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  • Writer's pictureTerri Windover

Macros... what are they and why do they matter?

Macros is simply a short form for the 3 "macronutrients" in our diets that provide us with calories (energy): carbohydrates, fats, and protein. It is important to know what your macro ratio is in a day as it can be a huge tool in losing body fat and building a lean and healthy body. Don't run away screaming! I'm going to help you how to figure out what you need.

We need to start by figuring out your BMR.   The first step of meal planning is to determine basal metabolic rate (BMR). BMR is the number of calories the body requires daily to function without addd exercise. This can be found online using any BMR calculator . Once we have that we are ready to figure out our macro needs. 

First, macro math requires knowledge of how many calories are in 1 gram of all three essential nutrients: 4 calories per 1 g Carb 4 calories per 1 g Protein 9 calories per 1 g Fat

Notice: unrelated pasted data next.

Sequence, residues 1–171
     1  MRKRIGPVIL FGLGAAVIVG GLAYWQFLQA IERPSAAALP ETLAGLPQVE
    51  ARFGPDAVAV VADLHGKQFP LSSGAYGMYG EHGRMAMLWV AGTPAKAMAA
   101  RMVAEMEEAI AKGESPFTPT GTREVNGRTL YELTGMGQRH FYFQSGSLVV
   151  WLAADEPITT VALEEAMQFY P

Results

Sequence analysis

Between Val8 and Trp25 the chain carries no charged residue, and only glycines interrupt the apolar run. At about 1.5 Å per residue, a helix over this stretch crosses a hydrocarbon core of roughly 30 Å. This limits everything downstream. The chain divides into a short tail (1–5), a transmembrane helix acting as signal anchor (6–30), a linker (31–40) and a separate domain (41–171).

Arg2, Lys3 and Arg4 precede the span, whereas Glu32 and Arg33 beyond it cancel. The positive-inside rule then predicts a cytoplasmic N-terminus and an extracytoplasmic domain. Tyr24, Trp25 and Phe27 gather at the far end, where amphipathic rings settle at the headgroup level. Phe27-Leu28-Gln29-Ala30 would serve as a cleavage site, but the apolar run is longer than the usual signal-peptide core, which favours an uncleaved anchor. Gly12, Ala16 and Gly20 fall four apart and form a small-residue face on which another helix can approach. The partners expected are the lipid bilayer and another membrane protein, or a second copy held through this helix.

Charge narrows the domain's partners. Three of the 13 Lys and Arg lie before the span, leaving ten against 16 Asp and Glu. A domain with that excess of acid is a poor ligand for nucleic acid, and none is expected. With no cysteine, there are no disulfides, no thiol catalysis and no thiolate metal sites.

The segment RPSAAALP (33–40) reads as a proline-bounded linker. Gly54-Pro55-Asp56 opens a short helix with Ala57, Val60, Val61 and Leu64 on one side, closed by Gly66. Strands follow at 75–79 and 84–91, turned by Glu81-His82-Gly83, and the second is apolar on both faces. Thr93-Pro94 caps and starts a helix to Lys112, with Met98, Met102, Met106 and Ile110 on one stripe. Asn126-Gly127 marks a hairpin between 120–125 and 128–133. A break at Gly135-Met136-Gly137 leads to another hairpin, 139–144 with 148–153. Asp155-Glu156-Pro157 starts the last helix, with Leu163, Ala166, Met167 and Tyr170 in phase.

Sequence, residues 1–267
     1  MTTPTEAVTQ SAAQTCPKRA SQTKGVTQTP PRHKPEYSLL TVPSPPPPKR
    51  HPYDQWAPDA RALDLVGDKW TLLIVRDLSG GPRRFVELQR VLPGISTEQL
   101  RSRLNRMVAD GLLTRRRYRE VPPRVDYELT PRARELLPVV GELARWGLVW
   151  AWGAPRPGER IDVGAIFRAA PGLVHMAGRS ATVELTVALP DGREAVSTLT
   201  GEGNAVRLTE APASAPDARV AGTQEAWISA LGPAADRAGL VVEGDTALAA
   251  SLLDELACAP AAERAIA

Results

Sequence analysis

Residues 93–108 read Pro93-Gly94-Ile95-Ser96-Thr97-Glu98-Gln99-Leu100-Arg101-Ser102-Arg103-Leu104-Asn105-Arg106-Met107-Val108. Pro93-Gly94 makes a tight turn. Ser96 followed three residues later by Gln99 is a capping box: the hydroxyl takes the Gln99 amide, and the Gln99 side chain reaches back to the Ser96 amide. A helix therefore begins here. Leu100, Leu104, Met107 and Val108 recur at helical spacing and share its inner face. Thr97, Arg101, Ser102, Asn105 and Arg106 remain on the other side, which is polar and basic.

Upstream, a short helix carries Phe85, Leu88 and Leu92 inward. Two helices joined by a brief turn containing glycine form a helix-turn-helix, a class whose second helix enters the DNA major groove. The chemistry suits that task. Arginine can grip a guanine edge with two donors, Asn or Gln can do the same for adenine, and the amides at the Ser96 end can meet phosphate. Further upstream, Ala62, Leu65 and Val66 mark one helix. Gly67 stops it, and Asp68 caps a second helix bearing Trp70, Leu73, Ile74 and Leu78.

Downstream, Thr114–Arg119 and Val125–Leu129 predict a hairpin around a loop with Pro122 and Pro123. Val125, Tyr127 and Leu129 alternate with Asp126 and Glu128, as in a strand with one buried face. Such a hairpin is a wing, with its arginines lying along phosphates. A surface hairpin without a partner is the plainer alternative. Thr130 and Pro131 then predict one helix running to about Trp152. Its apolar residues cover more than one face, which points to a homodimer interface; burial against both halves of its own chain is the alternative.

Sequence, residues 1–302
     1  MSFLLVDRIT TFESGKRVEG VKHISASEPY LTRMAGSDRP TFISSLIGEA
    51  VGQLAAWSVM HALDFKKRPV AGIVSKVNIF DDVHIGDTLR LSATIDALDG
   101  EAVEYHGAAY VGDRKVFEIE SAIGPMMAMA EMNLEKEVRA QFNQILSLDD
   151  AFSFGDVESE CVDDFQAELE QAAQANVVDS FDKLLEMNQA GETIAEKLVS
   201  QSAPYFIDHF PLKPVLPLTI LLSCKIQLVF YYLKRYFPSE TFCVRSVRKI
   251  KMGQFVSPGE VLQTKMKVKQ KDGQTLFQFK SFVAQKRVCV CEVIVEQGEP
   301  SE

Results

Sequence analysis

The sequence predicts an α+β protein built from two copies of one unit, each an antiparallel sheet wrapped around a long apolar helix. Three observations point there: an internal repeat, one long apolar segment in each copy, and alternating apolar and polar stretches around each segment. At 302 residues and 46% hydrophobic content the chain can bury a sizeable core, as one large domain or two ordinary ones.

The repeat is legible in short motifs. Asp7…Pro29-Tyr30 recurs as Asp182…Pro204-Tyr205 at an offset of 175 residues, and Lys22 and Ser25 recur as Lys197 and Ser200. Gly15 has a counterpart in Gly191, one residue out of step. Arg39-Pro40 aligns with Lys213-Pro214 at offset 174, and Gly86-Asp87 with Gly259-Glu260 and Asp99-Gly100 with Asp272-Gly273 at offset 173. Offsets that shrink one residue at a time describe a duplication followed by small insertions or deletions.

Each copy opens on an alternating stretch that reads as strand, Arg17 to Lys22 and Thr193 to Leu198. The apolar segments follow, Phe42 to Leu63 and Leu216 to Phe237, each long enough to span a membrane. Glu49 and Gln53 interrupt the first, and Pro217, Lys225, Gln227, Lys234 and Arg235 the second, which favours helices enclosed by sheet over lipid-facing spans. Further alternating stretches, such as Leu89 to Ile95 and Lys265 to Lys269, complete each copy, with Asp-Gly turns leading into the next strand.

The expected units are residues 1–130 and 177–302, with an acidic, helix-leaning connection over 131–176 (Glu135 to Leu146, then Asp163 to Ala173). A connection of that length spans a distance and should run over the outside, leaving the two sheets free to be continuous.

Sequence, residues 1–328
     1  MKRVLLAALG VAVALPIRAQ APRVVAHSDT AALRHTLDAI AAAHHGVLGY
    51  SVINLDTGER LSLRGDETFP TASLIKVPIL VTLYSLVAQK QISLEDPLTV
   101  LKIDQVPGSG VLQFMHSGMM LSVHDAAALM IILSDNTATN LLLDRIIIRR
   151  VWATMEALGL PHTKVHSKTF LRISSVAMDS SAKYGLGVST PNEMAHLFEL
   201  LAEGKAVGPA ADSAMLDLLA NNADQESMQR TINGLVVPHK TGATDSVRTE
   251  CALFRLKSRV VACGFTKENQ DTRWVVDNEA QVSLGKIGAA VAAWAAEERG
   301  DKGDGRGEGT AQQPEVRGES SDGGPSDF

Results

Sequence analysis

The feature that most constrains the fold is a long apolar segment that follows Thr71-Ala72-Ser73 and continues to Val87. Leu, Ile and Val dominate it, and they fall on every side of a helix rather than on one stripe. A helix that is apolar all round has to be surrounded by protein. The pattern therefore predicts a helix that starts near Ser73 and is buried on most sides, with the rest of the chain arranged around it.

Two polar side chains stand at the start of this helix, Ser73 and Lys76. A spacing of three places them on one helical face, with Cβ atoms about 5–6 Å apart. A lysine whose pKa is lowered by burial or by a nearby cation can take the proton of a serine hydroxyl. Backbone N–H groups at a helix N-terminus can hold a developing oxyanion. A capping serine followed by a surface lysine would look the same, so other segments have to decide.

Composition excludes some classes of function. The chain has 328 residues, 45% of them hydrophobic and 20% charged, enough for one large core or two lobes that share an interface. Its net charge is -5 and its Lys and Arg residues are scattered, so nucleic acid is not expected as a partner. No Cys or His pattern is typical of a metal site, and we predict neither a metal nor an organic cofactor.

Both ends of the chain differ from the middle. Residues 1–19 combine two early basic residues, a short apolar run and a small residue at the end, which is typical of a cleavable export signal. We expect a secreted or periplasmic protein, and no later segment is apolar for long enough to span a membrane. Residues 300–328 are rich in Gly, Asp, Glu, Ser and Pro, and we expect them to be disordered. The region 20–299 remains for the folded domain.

(*7 calories for alcohol like rum, rye etc with minimal to no nutritional value) So let's say my BMR is about 1300 calories and I workout daily so I expend more energy than that. Let's say about an additional 300 calories, so my daily caloric intake should be about 1600 calories. Keeping in mind the fact that I live an active lifestyle, I want my macronutrient breakdown to be roughly 40% carb, 35% protein, and 25% fat. This will let me build lean muscle (protein), give me the energy for daily life plus high intensity training (carbs) and support brain and body function and low intensity training (fats). Here's a sample based on 1600 calories: 

Or you can use the handy macronutrient calculator. 

To find out how many grams, you simply divide the calories of protein and carb by 4 and the calories from fat by 9: -640 calories carb ÷ 4 calories = 160 g carb -560 calories protein ÷ 4 calories = 140 g protein -400 calories fat ÷ 9 calories = 44 g fat Now all you need to do is download the My Fitness Pal app to help you track your food intake and it will also show you your macros.  

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